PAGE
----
Six of Young's quilts, together with 64 by other Gee's Bend residents, have been traveling around the United States in an exhibition that has transformed the way many people think about art. Gee's Bend's "eye-poppingly gorgeous" quilts, wrote New York Times art critic Michael Kimmelman, "turn out to be some of the most miraculous works of modern art America has produced. Imagine Matisse and Klee (if you think I'm wildly exaggerating, see the show), arising not from rarefied Europe, but from the caramel soil of the rural South." Curator Jane Livingston, who helped organize the exhibition with collector William Arnett and art historians John Beardsley and Alvia Wardlaw, said that the quilts "rank with the finest abstract art of any tradition." After stops in such cities as New York, Washington, D.C., Cleveland, Boston and Atlanta, "The Quilts of Gee's Bend" will end its tour at the Fine Arts Museums of San Francisco's de Young Museum December 31.

The bold drama of the quilt Young was working on in 1965 is also found in a quilt she made out of work clothes 11 years later. The central design of red and orange corduroy in that quilt suggests prison bars, and the faded denim that surrounds it could be a comment on the American dream. But Young had more practical considerations. "When I put the quilt together," she says, "it wasn’t big enough, and I had to get some more material and make it bigger, so I had these old jeans to make it bigger."

Collector William Arnett was working on a history of African-American vernacular art in 1998 when he came across a photograph of Young’s work-clothes quilt draped over a woodpile. He was so knocked out by its originality, he set out to find it. A couple of phone calls and some creative research later, he and his son Matt tracked Young down to Gee's Bend, then showed up unannounced at her door late one evening. Young had burned some quilts the week before (smoke from burning cotton drives off mosquitoes), and at first she thought the quilt in the photograph had been among them. But the next day, after scouring closets and searching under beds, she found it and offered it to Arnett for free. Arnett, however, insisted on writing her a check for a few thousand dollars for that quilt and several others. (Young took the check straight to the bank.) Soon the word spread through Gee's Bend that there was a crazy white man in town paying good money for raggedy old quilts.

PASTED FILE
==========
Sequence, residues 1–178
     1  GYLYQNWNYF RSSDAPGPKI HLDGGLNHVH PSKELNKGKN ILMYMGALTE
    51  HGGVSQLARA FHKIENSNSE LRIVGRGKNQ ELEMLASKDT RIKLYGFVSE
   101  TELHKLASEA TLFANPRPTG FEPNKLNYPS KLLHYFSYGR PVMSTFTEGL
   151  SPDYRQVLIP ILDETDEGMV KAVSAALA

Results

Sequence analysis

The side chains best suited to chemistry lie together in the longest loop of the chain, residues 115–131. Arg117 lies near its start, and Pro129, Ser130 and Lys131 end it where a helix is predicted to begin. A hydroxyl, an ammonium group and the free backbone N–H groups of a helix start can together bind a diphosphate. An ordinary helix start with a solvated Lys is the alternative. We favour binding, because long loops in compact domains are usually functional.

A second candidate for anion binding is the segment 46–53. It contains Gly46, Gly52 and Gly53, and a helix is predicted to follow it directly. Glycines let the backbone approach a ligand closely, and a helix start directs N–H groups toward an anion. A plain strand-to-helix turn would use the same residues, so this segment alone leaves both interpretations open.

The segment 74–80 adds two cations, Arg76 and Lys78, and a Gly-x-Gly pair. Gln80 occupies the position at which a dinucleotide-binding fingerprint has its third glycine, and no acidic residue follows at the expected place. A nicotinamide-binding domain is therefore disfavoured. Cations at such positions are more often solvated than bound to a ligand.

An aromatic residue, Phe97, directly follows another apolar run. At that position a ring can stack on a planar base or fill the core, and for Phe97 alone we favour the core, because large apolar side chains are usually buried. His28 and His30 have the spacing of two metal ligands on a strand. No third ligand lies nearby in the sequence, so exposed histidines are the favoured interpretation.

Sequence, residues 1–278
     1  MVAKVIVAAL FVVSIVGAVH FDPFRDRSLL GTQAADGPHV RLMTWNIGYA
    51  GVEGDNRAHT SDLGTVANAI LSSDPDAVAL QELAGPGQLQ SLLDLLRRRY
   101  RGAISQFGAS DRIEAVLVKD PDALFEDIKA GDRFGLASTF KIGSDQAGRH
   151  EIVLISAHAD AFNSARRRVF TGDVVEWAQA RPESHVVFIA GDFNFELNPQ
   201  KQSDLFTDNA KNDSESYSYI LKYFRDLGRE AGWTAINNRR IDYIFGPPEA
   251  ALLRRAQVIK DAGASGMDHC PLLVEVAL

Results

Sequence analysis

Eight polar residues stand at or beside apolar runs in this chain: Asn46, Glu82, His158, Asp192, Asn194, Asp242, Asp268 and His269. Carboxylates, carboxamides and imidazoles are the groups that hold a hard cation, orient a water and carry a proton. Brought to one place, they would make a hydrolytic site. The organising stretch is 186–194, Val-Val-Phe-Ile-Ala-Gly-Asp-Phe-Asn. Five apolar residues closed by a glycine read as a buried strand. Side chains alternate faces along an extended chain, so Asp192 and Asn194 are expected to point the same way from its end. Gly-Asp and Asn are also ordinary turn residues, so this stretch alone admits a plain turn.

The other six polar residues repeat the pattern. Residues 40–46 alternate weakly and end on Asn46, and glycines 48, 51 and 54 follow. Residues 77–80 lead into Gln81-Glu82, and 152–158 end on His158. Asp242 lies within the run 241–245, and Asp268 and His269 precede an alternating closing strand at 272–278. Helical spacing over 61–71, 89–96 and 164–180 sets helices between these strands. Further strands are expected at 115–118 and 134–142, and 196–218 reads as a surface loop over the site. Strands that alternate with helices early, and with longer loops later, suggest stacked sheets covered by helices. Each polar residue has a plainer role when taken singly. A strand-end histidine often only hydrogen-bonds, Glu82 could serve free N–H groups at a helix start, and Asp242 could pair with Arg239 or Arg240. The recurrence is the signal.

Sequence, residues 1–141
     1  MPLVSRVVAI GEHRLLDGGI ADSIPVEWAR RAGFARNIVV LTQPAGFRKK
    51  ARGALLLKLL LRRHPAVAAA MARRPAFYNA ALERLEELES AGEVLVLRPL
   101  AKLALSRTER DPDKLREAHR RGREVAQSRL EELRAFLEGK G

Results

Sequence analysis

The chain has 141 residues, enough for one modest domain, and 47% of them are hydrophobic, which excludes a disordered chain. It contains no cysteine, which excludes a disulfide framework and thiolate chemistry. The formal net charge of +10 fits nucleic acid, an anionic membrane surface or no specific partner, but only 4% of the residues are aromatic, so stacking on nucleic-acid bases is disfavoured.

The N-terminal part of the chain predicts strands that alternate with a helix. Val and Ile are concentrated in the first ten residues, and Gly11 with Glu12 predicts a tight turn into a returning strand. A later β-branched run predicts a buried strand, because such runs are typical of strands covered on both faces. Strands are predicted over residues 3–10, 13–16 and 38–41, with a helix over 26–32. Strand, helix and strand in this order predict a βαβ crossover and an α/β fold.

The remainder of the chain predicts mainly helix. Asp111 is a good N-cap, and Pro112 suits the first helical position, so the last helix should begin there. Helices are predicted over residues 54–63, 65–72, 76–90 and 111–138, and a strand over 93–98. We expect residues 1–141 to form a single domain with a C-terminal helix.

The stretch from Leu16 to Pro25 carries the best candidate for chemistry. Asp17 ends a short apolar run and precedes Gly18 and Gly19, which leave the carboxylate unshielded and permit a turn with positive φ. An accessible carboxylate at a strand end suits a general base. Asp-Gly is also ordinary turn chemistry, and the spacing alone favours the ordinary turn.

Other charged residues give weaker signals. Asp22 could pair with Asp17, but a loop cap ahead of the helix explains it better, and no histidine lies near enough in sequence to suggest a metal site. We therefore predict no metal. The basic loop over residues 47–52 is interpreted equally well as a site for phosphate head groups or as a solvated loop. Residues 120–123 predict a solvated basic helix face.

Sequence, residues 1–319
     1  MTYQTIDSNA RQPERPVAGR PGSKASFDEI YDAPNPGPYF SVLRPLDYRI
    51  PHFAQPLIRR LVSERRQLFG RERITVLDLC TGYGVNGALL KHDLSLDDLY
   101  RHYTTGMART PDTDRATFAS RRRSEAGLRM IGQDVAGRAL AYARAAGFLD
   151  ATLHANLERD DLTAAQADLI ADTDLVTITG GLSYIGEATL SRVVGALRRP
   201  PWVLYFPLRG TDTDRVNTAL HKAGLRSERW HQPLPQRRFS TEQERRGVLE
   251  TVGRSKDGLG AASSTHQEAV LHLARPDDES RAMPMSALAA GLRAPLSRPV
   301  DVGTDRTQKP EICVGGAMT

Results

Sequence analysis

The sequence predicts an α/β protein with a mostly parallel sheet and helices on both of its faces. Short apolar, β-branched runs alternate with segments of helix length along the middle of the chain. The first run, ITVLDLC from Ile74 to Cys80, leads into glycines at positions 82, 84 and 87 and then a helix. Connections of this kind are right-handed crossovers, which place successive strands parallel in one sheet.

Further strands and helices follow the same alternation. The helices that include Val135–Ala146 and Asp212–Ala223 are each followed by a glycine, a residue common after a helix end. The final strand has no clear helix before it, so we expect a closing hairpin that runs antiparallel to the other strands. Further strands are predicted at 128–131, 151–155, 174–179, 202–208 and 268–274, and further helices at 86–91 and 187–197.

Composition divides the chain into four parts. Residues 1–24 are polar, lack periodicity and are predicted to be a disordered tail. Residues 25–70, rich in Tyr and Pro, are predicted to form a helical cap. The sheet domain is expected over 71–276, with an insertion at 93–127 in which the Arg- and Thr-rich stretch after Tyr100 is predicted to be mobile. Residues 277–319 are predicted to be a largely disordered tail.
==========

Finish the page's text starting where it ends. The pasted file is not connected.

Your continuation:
When Arnett showed photos of the quilts made by Young and other Gee's Benders to Peter Marzio, of the Museum of Fine Arts, Houston (MFAH), he was so impressed that he agreed to put on an exhibition. "The Quilts of Gee’s Bend" opened there in September 2002.

The exhibition revived what had been a dying art in Gee's Bend. Some of the quilters, who had given in to age and arthritis, are now back quilting again. And many of their children and grandchildren, some of whom had moved away from Gee's Bend, have taken up quilting themselves. With the help of Arnett and the Tinwood Alliance (a nonprofit organization that he and his four sons formed in 2002), fifty local women founded the Gee's Bend Quilters Collective in 2003 to market their quilts, some of which now sell for more than $20,000. (Part goes directly to the maker, the rest goes to the collective for expenses and distribution to the other members.)

Tags

Comment on this Story

comments powered by Disqus